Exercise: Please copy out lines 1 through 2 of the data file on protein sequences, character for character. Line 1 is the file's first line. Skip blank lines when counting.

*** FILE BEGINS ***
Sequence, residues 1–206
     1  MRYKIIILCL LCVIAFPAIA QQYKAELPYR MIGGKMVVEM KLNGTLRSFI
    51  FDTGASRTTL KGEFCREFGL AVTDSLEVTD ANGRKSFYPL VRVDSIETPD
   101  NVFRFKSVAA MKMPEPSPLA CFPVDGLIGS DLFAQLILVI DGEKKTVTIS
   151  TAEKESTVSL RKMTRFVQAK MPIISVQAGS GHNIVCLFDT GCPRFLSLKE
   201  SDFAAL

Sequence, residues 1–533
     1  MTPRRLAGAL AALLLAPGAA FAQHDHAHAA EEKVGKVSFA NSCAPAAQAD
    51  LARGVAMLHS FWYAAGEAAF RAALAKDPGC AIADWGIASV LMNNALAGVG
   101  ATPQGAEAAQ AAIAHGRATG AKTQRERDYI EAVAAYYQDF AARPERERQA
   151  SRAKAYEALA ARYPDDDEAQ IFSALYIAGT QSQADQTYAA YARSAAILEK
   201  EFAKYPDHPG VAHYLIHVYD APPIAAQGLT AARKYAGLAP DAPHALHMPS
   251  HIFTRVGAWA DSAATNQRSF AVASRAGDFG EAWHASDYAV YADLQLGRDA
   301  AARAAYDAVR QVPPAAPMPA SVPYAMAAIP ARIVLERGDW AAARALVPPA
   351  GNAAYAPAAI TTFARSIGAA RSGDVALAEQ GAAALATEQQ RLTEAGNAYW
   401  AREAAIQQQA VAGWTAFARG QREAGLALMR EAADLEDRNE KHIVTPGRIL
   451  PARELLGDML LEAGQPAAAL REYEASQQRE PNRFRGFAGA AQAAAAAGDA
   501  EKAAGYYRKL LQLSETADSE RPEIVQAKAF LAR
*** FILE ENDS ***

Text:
Sequence, residues 1–206
     1  MRYKIIILCL LCVIAFPAIA QQYKAELPYR MIGGKMVVEM KLNGTLRSFI